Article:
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The battle for healthier school lunches has featured fights over soda and claims that ketchup is a vegetable. And now the lines are being drawn over chocolate milk. Some schools have banned it.
And as NPR's Jeff Brady reports, the dairy industry is fighting back.
JEFF BRADY: Lunchtime at Flatirons Elementary in Boulder, Colorado, but there's no chocolate milk on the menu. It's a topic of discussion among second graders like Ella Lyons.
Ms. ELLA LYONS: No one's going to get regular milk if we have chocolate milk, because I think they're going to like it better because it tastes better, but it's not good for you. So I think we shouldn't have chocolate milk.
BRADY: Standing nearby is Ann Cooper. She's responsible for expelling chocolate milk from the entire school district. That sort of behavior has earned her a nickname, the renegade lunch lady.
Ms. ANN COOPER (Nutrition Services Director, Boulder Valley School District): Believe it or not, serving kids salad bar and organic milk is seen as renegade.
BRADY: So, what's you beef with chocolate milk?
Ms. COOPER: Chocolate milk is soda in drag, as far as I'm concerned.
BRADY: Well, that's just kind of funny. But, I mean, is that really true? Because, I mean, there are nutrients in chocolate milk that aren't in soda, right?
Ms. COOPER: That is true. But from a sugar standpoint, in many chocolate milks, there's 3.1 grams of sugar per ounce. Soda is 3.3. It's so close.
BRADY: There are no hard statistics showing how many schools have gotten rid of chocolate milk so far, but it's clearly enough to worry the dairy industry.
(Soundbite of video)
Unidentified Woman: I'm raising my hand for chocolate milk. How about you?
BRADY: The industry launched this campaign recently with a video on Facebook and an online petition to keep chocolate milk in schools.
(Soundbite of video)
Unidentified Woman: Your bodies need to grow healthy and strong.
BRADY: Chocolate milk in lunch rooms is big business. More than half of all flavored milk is sold in schools � that's about four percent of all milk sales in the U.S. And a lunch room is a good place for the dairy industry to pick up new customers. Kids will take eating habits they learn here into their adult lives. And that's important because of one significant statistic that's been bugging the dairy industry for decades. Here is Ohio State University dairy economist Cameron Thraen.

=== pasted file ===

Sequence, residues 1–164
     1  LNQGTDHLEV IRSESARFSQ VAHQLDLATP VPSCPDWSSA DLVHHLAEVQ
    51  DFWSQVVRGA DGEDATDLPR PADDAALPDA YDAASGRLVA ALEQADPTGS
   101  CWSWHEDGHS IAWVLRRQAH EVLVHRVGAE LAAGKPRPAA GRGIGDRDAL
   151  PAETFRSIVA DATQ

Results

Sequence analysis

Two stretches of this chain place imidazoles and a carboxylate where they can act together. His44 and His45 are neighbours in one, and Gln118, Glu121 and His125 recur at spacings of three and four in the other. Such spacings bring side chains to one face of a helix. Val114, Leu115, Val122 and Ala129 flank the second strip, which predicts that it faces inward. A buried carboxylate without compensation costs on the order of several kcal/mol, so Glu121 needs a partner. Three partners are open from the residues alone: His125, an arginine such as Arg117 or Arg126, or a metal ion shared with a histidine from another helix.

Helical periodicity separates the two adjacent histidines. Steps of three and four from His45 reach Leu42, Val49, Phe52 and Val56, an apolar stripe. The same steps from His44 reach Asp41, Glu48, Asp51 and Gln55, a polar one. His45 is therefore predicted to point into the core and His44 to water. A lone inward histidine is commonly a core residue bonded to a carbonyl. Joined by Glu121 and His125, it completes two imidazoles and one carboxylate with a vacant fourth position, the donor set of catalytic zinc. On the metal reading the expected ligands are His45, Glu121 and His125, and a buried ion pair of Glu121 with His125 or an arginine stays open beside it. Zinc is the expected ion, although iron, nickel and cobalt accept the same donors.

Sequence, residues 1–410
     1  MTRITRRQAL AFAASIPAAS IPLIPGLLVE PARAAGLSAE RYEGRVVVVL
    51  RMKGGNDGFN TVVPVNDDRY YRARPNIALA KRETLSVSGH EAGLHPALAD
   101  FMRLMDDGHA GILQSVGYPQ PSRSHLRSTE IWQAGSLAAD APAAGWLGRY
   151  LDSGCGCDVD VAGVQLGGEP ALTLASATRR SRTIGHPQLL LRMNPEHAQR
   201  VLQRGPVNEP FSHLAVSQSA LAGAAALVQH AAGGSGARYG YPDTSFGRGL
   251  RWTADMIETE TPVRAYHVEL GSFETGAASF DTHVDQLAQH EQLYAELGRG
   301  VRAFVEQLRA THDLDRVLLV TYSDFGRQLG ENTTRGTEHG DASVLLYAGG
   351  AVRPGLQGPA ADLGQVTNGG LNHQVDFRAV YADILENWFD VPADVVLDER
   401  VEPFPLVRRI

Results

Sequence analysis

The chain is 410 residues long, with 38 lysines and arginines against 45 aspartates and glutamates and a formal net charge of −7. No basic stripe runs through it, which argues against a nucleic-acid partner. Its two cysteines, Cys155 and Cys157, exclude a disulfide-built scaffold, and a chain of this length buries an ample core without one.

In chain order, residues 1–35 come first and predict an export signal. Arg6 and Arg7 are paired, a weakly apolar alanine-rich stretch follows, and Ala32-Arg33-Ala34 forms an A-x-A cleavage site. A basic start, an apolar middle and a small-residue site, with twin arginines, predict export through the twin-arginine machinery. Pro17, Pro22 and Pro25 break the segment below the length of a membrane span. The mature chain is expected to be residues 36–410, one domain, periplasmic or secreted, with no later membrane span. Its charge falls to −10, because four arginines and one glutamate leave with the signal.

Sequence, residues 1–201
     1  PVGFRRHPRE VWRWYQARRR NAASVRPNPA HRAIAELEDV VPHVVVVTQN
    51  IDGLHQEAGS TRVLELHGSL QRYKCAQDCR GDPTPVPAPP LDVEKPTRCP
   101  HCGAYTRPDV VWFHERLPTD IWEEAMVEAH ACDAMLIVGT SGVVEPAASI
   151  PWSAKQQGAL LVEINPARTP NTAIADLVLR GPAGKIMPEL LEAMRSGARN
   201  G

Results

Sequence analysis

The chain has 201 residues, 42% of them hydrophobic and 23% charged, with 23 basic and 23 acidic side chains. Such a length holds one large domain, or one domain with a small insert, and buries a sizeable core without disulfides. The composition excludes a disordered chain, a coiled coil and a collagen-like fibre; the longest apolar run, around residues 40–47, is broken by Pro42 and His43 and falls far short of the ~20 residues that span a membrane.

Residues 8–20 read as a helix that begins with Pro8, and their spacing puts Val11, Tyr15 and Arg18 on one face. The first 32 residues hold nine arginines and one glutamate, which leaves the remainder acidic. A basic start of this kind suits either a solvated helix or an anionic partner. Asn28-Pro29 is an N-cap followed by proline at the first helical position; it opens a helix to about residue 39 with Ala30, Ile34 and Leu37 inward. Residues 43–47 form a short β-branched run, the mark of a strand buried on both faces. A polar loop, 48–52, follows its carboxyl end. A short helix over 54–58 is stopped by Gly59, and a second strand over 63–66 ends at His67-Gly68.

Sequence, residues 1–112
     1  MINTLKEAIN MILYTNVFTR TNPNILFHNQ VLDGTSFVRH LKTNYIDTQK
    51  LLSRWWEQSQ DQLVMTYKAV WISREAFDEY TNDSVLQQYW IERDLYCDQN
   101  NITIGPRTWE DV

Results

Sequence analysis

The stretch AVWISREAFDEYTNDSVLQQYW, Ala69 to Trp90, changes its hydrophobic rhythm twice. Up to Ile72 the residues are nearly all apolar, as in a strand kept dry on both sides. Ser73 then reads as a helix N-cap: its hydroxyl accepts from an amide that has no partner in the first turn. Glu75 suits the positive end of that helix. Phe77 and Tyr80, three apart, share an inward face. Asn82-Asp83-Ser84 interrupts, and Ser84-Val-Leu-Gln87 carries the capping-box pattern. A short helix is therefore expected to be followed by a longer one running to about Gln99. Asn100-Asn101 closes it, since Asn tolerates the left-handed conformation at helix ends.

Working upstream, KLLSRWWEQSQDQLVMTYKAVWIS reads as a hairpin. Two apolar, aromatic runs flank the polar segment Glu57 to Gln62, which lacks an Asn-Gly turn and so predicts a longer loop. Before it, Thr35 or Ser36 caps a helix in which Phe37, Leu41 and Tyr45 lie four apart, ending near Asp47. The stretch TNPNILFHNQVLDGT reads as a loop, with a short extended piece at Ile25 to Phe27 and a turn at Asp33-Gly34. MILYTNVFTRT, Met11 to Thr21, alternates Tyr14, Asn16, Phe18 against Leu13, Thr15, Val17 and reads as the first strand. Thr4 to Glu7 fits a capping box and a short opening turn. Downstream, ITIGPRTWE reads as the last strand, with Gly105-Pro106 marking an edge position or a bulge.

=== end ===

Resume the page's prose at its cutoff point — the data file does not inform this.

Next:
Professor CAMERON THRAEN (Dairy Economist, Ohio State University): The per capita consumption of fluid milk in all of its formulations has been declining in the U.S. since the 1960s.
BRADY: The Raise Your Hand for Chocolate Milk campaign is part of the industry's effort to stop that slide. Ann Marie Krautheim is a dietician with the National Dairy Council.
Ms. ANN MARIE KRAUTHEIM (Dietician, National Dairy Council): We know that when flavored milk is taken out of the school, kids' milk consumption goes down.
BRADY: And she says children already don't drink enough milk. Krautheim says when other choices include sugary juices and soda, milk needs a sweet flavor to compete.
Ms. KRAUTHEIM: A small amount of added sugar is an acceptable tradeoff for the nutrients provided in milk.
(Soundbite of school)
BRADY: Back at Flatirons Elementary, though, most of the students appear to be signing up with the renegade lunch lady. Jacob Austin is a fifth grader.
Mr. JACOB AUSTIN: Well, I'm pretty sure chocolate milk has maybe some unhealthy ingredients in it. And the little ones might get, like, addicted to it, so�
BRADY: There is one contingent seated at a nearby table crying out for choice. Here's Lindsey Lavington(ph) and Juliana Jager(ph).
Ms. LINDSEY LAVINGTON: Some people won't drink any milk if it's not chocolate milk.
BRADY: But you're drinking regular milk.
Ms. LAVINGTON: I know, but other people don't.
Ms. JULIANA JAGER: Because we don't have the choice right now.
BRADY: Renegade lunch lady Ann Cooper says there are healthy ways to make milk more palatable to kids. For starters, make sure it's kept really cold. And those little paper cartons that sometimes smell funny, she says, get rid of them.
Jeff Brady, NPR News, Denver.
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